Trials & Tribulations of Modesty Greene

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Chapter 9: Araminta Ross

1826 – Dorchester County, Maryland, America

I was a happy youngster, or should I say toddler? It seems to me us black folks grow up quicker than the whites. Just my opinion, but folk go right from cradle to field, skippin’ childhood. I’ve got fleeting memories of it, mostly I remember my ouma’s sunken in cheeks; she didn’t have no teeth. She was a ferocious lookin’ woman, lines criss-crossin’ over every inch of her face. Don’t let that fool ya’ though, she was sweet as molasses unless you frustrated her. Another reason I think everyone thought she was fierce was ’cause her eyes watched you like a hawk. They were so dark it seemed the outer ring blended with the pitch dark inner iris and one could never tell her mood by her gaze.

Her head was always wrapped in a head-rag, usually a white one but sometimes light blue. Her smock hung on her small frame and a piece of old rope usually cinched it around her waist. It closed off the deep pockets so that when she found herbs, pinecones, or berries, they’d disappear into the folds and not tumble out. She always had an ancient clay pipe that was hangin’ out her lips, too. Never remember seein’ her smoke anything out of it, but it was as much a daily accessory to her as a felt hat was to any white woman. Some of the kids were ’fraid of her ‘cause if you acted up, she didn’t hesitate to use a gum tree switch across your backside. The trick was to make sure you stayed close enough to her that she knew what you was up to and knew you weren’t wanderin’ off down by the creek or by the forest where you could get lost but far enough away from her you didn’t get in the way of her chores.

Those moments, when I was a child, she was the center of my world. When I started crawlin’, she hung a string with a pork rind around my neck like she did every baby that was teethin’. I learned to walk on the hard-packed earth behind our cabins, again, like every other negro child born on our plantation. All us kids just toddled around in our birthday suits that the good Lord gave us. It wasn’t until we were walkin’ and talkin’ before we got a gunny-sack shift made of burlap.

On Sundays, there ain’t no work and all us slave folk have a day to wash our clothes, cook, and eat together. Before bed, we sing and dance like there ain’t no tomorrow. It’s my favorite day of the week.

My mother’s mother tells me it’s a shame I was born into slavery, but I was so little I didn’t even know what that meant. In my mind, there were precious long days with her. The way I remember it, in 1825 or 26, Mama goes up to the cook house before dawn every morning so Ouma takes care of me and the other pick-a-ninnies. We’re all the kids that live on the plantation, too small to work but too big to be left all day alone. The round belly of my mom is something I recall, fresh, like yesterday. She was carryin’ my little brother, Benji when I was still just an innocent little thing full of wonder and awe.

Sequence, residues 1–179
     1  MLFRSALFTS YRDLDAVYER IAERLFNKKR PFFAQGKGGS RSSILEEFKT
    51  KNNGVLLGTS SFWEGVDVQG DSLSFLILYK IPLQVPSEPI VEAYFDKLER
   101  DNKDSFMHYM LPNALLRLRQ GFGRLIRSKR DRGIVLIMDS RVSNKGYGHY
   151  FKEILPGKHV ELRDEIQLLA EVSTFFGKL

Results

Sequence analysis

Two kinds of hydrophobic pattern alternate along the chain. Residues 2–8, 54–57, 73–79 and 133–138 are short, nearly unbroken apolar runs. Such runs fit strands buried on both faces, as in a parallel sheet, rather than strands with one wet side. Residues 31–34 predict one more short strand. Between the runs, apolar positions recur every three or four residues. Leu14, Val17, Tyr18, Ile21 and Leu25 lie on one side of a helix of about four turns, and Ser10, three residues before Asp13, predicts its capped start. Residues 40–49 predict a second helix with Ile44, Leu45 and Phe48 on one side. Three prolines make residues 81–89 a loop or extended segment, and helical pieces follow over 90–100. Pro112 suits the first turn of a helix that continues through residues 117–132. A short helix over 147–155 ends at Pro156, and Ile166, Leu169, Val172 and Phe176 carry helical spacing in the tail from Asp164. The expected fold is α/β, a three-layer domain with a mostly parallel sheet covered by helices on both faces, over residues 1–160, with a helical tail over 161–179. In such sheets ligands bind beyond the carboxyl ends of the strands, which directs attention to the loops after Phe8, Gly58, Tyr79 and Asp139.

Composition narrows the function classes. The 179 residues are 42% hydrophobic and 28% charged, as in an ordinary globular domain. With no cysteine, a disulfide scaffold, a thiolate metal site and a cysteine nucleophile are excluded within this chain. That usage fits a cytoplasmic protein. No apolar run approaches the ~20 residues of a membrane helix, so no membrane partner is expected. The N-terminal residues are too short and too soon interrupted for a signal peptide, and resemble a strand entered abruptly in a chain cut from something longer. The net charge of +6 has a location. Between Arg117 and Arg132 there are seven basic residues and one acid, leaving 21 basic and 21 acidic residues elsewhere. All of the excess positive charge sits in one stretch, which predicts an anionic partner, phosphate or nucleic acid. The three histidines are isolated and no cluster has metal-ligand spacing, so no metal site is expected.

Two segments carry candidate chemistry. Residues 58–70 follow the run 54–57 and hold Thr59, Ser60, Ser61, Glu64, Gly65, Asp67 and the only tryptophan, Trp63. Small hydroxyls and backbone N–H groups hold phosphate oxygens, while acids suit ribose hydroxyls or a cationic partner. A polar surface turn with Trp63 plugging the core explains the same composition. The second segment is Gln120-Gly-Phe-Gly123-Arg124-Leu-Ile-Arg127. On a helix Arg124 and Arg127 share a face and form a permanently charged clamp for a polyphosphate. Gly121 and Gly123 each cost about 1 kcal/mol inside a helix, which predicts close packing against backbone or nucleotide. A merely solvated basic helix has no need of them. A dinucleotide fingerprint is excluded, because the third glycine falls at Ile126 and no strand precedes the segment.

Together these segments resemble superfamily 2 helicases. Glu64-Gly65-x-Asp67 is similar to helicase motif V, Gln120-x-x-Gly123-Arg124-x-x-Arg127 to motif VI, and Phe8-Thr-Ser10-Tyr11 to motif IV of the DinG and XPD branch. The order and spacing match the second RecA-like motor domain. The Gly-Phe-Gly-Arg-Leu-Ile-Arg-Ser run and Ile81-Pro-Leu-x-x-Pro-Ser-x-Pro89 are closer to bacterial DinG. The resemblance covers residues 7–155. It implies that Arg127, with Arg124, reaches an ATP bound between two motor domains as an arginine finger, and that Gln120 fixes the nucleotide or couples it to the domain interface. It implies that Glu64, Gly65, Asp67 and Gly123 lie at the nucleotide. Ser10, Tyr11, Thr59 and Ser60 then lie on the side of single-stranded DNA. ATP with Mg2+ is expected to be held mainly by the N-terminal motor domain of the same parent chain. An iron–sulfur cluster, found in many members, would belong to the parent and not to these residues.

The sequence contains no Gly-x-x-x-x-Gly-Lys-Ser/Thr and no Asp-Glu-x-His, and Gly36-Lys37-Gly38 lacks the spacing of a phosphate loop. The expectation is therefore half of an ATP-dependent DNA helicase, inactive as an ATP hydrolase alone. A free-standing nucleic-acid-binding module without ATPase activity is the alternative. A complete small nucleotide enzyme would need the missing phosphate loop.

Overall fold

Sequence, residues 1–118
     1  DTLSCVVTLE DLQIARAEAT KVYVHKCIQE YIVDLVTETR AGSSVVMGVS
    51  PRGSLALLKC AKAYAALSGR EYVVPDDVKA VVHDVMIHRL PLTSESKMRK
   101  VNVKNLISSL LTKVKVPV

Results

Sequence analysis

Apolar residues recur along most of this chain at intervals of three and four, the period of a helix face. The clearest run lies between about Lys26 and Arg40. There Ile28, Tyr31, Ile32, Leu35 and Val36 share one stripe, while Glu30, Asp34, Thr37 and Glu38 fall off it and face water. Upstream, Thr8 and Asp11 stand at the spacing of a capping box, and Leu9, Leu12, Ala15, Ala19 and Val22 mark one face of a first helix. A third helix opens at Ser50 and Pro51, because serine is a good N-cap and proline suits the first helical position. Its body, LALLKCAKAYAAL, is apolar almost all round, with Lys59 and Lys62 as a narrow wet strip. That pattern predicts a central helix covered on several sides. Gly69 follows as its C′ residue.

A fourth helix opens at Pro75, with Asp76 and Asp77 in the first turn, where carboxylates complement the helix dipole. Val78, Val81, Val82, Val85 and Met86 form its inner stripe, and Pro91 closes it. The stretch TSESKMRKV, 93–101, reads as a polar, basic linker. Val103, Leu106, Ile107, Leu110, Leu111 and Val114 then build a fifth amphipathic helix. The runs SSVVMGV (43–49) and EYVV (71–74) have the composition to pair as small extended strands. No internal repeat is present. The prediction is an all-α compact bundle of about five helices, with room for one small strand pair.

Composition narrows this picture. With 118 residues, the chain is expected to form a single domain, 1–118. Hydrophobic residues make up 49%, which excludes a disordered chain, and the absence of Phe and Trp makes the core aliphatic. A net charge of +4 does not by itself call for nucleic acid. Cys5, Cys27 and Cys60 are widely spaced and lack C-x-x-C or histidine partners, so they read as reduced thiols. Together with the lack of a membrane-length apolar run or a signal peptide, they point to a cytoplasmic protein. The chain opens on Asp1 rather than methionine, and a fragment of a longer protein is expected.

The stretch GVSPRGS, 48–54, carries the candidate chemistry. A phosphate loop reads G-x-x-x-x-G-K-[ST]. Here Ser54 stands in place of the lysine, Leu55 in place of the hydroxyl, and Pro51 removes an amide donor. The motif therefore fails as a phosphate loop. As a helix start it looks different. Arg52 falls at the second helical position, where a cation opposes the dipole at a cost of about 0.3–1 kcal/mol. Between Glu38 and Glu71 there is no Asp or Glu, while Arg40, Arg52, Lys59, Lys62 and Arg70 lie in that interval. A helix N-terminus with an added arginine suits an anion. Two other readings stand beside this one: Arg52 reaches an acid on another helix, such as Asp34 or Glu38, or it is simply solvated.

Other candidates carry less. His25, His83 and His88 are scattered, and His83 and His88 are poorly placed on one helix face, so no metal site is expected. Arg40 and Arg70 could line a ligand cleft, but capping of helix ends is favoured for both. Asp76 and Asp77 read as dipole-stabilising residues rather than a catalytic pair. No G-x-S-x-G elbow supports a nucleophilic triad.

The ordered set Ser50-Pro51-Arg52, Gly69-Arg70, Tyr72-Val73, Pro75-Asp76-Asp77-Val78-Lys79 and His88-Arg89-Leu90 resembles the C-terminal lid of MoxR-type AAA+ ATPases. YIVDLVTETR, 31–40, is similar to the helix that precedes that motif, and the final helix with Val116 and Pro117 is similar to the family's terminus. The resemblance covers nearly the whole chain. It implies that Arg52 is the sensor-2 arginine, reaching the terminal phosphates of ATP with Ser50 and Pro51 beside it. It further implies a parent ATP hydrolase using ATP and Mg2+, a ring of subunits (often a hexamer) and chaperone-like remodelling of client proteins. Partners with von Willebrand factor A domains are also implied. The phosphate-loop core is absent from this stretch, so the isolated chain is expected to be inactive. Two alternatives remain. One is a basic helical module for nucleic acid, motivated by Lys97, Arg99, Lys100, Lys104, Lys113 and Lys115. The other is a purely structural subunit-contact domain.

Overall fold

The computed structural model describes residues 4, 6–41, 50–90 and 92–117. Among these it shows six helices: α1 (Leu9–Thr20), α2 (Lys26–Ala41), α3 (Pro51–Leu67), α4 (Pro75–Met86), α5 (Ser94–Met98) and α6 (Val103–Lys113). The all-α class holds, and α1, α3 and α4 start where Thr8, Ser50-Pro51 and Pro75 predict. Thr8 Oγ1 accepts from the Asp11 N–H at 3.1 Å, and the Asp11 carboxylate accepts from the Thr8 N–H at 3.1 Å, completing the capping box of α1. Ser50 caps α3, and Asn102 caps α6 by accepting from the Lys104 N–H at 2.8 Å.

Ouma got us our daily meal. Sometimes there was cornbread, but mostly it was a mush like the pigs get fed. She’d put it in a little trough and we’d gather ‘round like a bunch of starving cats, pushing and shoving to get our share. Once, on one of our nature walks, I found a half shell from an oyster. I used it to scoop up the mush so I got bigger bites than my not-as-clever companions. My ouma had helped me drill a small hole in the shell and attached a piece of twine to it and I wore it around my wrist. That way it was always with me when it was mealtimes. Eventually, I found one a little smaller for Benji. He lost it after a week. Us kids were never really starvin’ but we were never really full either.

Since Mama and my oldest sister worked in the big house, they would bring the newspaper that was tossed to the trash back to the quarter. Sometimes it had been wrapped around a fish from the market and was stinky and folded but other times it was fresh like it just came from the general store. Our family’s big secret is Ouma can read. Slaves aren’t supposed to be able to read or write and a person can get in trouble if they’re caught teaching a negro but Ouma said she learned as a girl before she was kidnapped and sold into slavery.

On July 4th, 1826, exactly fifty years after the Declaration of Independence was signed, two of the foundin’ fathers died. Both John Adams, and Thomas Jefferson passed on the same day. It made the front page.

The article Ouma read to us about their lives also had some of the original declaration draft which went against negro slavery. She said Congress eliminated it, took it out. Ouma continued to read what was written and signed by the founding fathers. “We hold these truths to be self-evident that all men are created equal that they are endowed by their creator with certain unalienable rights, that among these are life, liberty and the pursuit of happiness.”

“If you ask me, that just don’t seem compatible with legalized slavery,” my pa chimed in.

“To bad it ain’t you makin’ the laws,” Ouma said, shaking her head. She crumpled the paper and tossed it to the ground.

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